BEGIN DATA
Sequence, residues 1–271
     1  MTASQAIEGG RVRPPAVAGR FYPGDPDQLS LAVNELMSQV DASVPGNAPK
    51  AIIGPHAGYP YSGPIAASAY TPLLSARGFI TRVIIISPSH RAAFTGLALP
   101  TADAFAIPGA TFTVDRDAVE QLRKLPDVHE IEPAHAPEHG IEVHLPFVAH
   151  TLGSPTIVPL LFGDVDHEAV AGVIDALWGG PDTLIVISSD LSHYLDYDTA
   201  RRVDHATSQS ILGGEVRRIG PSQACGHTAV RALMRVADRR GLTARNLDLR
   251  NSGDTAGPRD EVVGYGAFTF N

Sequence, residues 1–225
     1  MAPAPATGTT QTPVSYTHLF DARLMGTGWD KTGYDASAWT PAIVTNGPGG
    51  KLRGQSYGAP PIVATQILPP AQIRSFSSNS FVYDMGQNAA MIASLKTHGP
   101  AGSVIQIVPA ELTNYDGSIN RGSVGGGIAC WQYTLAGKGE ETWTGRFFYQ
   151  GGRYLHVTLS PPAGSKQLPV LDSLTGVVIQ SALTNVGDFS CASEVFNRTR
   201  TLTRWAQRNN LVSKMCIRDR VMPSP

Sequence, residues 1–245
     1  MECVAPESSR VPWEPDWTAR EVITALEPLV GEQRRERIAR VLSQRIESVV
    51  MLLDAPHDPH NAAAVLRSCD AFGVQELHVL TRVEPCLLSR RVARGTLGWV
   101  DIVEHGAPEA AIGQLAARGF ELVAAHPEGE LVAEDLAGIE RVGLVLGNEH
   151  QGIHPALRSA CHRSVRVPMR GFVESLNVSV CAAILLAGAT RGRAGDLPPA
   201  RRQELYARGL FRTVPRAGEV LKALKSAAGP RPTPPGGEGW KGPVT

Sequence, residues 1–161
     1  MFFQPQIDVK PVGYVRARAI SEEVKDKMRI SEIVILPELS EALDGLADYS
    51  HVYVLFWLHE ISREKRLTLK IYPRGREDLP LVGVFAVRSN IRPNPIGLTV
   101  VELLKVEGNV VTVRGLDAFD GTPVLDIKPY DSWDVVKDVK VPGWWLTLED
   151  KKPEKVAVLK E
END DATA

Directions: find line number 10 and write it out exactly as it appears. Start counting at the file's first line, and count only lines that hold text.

    51  KLRGQSYGAP PIVATQILPP AQIRSFSSNS FVYDMGQNAA MIASLKTHGP